THE police force charged with guarding UK nuclear power plants has admitted to a substantial increase in the number of breaches of security last year. There were 21 separate incidents involving stolen or lost smart phones and identity cards, up from 13 the previous year. In one case a Blackberry was taken in a “domestic burglary”, and in another a SIM card was “accidently thrown in disposal chute at home address.” Emails containing sensitive information, including an armoury access code and personal data, were sent in breach of security protocols. “Terrorists must be delighted with this catalogue of cock-ups,” said Dr Richard Dixon, director of Friends of the Earth Scotland. “It seems you just have to follow some nuclear police around for a while and they’ll drop their pass in a car park, leave a work phone on the train or accidentally send secret info through Google mail. It would be laughable if it wasn’t about the safety of some of the most dangerous sites in the UK.” The revelations uncovered by the Sunday Herald have been condemned as well as prompting alarm from campaigners and politicians. They point out that there have recently been concerns about Chinese state companies stealing nuclear industry secrets. One of the reasons why the Prime Minister Theresa May is thought to have delayed a decision last month on a long-planned £18 billion nuclear power station at Hinkley Point in Somerset is the 33 per cent stake by the China General Nuclear Power Company. The company has been charged with nuclear espionage by the US government. “We would need to rely even more heavily on the proper functioning of the nuclear police if we invite the world’s biggest nation’s industrial spies inside the fence.” Dr David Lowry, a senior research fellow at the US Institute for Resource and Security Studies, also highlighted security concerns about Chinese involvement. “It sets alarm bells ringing that so many security failures could have happened at a time when there are plans to expand the UK nuclear industry,” he said. Lowry pointed out that the government watchdog, the Office for Nuclear Regulation, had stated in its 2015-16 annual report that there were areas where security arrangements at nuclear plants “did not fully meet regulatory expectations”. The security breaches were “troubling”, according to the SNP’s energy spokesperson, Callum McCaig MP. “We need to be sure that security is the paramount concern – and that there is no room for any more breaches or mix-ups,” he said. Dr Doug Parr, chief scientist at Greenpeace UK, contended that nuclear power had unique safety and security challenges. “Whether we entrust our nuclear secrets to the French or the Chinese, or anyone else, there will always be the potential for losses, theft, error and accident,” he said. The CNC, however, stressed that security breaches were dealt with “swiftly and robustly” and that they were “low risk”. Missing smart phones and warrant cards were immediately deactivated, and officers were given “advice and guidance” by supervisors.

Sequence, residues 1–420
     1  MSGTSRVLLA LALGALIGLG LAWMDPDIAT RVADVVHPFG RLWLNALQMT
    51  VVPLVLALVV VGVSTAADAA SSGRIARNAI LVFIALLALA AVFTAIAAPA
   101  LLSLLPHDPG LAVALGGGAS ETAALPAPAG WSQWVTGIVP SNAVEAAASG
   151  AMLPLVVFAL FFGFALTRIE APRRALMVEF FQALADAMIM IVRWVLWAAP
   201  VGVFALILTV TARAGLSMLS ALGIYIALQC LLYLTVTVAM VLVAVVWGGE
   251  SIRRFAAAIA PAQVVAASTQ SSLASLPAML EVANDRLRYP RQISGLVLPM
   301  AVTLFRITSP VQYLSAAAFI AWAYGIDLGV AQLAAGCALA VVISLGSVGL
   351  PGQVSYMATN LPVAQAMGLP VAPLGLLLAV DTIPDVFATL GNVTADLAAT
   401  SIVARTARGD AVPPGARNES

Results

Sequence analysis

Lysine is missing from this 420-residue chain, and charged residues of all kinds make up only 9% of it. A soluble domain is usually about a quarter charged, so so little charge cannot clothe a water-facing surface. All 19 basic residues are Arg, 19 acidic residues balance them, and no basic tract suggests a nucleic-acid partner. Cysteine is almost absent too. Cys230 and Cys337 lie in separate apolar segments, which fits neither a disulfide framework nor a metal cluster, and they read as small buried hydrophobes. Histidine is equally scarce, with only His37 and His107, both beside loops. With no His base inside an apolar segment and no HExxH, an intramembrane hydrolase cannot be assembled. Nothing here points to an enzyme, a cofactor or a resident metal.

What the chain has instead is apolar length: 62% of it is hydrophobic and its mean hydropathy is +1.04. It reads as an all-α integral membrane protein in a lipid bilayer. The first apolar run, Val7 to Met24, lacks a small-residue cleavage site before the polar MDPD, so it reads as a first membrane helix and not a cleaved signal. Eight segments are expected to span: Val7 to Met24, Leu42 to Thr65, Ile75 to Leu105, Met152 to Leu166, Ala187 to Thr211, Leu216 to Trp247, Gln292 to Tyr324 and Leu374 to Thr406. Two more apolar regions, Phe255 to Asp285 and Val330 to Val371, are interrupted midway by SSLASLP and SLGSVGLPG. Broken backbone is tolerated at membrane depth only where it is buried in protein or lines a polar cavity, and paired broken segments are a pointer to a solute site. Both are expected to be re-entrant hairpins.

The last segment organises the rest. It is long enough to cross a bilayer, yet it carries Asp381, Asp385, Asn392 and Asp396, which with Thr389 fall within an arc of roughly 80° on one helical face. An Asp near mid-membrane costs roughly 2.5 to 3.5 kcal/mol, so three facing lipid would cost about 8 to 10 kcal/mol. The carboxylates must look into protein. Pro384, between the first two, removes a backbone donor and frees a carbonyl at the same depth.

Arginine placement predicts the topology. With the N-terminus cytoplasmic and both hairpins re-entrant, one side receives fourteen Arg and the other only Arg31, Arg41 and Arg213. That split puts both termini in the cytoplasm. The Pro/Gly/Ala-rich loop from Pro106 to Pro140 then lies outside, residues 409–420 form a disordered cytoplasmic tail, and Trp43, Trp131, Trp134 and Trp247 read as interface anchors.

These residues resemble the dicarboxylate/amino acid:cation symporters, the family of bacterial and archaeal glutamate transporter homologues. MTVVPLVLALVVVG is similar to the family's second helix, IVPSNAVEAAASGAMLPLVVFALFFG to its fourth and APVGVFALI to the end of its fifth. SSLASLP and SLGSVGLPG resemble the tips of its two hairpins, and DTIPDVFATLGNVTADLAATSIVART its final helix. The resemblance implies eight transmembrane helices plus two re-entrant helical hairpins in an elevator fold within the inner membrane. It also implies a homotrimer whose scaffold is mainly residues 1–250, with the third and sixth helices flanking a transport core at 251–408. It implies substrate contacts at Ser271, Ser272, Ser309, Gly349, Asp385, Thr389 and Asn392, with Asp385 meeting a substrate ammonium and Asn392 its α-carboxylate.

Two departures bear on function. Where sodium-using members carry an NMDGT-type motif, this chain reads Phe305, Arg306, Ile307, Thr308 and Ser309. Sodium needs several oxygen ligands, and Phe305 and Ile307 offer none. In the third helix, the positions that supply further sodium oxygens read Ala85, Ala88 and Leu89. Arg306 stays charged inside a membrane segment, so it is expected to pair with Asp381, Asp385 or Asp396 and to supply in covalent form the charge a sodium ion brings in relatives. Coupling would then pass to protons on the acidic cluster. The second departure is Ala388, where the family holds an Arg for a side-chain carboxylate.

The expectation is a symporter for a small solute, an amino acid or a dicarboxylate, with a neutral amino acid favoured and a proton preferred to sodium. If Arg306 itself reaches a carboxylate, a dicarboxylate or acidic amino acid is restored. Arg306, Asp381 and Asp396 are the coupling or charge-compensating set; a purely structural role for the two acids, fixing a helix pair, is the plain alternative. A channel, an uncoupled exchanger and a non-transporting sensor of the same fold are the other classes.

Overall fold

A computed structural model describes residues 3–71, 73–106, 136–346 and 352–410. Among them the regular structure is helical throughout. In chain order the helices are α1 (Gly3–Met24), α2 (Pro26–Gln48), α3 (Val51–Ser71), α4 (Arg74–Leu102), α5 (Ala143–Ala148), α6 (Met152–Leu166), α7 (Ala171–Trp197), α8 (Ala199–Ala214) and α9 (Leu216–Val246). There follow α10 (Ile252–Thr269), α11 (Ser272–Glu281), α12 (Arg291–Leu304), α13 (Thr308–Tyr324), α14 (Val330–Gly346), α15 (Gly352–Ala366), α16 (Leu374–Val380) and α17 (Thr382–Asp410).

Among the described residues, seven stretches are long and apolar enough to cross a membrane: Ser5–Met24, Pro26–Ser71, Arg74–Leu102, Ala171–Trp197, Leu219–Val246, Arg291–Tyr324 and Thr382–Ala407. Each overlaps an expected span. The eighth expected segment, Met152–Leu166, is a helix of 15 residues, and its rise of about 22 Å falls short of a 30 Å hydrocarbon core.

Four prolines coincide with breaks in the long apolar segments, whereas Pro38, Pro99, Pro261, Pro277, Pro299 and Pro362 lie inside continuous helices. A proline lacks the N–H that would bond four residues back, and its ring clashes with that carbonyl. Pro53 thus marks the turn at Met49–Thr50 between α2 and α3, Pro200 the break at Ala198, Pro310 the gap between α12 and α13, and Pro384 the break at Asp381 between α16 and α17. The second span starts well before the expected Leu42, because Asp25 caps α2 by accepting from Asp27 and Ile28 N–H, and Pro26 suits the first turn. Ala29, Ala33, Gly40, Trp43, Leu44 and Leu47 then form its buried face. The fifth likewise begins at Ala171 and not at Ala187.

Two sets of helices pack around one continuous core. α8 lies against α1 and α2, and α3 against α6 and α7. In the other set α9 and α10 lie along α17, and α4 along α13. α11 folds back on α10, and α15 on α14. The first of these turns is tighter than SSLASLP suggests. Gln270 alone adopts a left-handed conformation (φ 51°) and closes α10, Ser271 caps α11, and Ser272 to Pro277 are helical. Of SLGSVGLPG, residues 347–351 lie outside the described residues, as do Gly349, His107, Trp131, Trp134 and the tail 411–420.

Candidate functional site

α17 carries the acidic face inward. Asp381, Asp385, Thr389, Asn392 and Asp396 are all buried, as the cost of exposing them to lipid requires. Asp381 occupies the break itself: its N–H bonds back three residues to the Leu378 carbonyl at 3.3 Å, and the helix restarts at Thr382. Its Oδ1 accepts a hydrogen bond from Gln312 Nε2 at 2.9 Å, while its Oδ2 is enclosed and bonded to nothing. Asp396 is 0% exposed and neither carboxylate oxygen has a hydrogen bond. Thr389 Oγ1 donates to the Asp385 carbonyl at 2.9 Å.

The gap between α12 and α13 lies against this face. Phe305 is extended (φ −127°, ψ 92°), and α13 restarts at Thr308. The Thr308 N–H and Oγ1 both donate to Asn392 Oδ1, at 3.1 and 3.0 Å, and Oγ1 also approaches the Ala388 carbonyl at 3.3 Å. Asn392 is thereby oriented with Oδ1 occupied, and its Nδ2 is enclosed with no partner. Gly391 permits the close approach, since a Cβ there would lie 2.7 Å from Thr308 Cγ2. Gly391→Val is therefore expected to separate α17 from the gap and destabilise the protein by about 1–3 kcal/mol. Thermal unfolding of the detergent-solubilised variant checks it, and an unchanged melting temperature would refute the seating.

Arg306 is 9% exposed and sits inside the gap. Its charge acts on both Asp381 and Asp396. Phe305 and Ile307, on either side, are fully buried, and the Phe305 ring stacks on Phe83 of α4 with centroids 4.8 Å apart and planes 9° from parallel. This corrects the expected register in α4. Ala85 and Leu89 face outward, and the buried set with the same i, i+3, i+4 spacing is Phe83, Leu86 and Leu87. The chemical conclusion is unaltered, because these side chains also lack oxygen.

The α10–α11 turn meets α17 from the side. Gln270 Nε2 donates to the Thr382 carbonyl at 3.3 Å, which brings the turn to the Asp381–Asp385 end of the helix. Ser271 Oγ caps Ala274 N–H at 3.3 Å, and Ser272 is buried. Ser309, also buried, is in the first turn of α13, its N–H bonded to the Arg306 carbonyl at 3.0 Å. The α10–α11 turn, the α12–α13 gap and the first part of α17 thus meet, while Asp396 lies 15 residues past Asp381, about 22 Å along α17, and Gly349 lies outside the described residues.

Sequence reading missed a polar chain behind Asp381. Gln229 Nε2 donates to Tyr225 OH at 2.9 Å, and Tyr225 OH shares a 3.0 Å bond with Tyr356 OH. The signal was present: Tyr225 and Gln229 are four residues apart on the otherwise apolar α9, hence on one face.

Sunday Herald 28th August 2016 read more »
Nuclear security: Government pouring millions into steeling power plants from potential terror attacks. While forces around the country have seen their budgets slashed under the Tories, funding for the nuclear authority has risen by 55 per cent since 2010. The drive to steel Britain’s nuclear facilities against future attack has seen spending soar to the point that it has almost tripled since the 7/7 bombings, over a period when other forces faced deep cuts. Earlier this year the Office for Nuclear Regulation which holds sway over security warned of the growing threat of attack on Britain’s operational reactors. It also emerged that the terror cell responsible for the recent Paris and Brussels attacks were thought to be planning a strike on a nuclear power station. Nuclear security is especially under the spotlight now that the Government is deciding whether to sign a deal that would see the Chinese government heavily invested in the UK’s planned power station at Hinkley Point.
Independent 27th Aug 2016 read more »
More than £74 million of public money is spent every year to guard Trident warheads and nuclear submarines on the Clyde and across the UK, the Sunday Herald can reveal. Nearly half the total budget for the Ministry of Defence Police (MDP) goes on armed police protecting the nuclear bases at Faslane and Coulport near Helensburgh, bomb factories in Berkshire and the nuclear convoys that shuttle between them. The spending has been attacked by politicians and campaigners as a hidden cost of maintaining Trident weapons of mass destruction. If Trident were scrapped, the money could be better spent on public services, such as improved policing, they say.
Herald 28th Aug 2016 read more »